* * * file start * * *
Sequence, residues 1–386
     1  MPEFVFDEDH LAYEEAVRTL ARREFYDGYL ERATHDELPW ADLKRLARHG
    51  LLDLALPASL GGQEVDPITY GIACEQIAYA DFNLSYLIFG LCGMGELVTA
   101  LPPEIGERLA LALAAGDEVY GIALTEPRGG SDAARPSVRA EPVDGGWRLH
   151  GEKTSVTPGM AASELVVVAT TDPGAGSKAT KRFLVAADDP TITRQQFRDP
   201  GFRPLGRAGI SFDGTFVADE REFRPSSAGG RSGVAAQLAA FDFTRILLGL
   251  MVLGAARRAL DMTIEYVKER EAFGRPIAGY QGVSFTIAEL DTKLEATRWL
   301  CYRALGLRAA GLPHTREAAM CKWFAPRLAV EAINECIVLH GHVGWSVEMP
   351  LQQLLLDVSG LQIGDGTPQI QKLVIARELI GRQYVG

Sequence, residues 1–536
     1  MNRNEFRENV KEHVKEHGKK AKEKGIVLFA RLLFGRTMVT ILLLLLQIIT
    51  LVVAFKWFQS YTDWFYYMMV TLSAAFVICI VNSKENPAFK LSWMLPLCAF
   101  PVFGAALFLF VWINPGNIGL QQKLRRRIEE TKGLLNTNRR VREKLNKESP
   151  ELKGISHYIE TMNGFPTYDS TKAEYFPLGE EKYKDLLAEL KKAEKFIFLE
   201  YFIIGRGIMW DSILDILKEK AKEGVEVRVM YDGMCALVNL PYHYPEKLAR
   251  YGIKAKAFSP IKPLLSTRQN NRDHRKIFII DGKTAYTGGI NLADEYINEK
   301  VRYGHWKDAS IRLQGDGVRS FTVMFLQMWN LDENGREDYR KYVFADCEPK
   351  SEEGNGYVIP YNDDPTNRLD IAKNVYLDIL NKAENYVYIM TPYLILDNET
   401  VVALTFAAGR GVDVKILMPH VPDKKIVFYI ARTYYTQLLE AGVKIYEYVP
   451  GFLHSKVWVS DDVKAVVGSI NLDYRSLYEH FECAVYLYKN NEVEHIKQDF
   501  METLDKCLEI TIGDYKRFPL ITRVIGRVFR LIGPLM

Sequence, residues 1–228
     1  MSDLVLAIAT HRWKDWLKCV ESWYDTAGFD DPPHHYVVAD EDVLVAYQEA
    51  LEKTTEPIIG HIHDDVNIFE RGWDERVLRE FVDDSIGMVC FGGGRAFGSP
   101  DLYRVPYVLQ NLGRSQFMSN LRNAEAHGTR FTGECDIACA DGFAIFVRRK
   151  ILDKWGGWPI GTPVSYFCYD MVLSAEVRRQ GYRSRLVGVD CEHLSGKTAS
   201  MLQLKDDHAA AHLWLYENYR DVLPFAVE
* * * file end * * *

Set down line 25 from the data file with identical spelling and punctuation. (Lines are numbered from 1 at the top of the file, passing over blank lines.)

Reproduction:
   101  DLYRVPYVLQ NLGRSQFMSN LRNAEAHGTR FTGECDIACA DGFAIFVRRK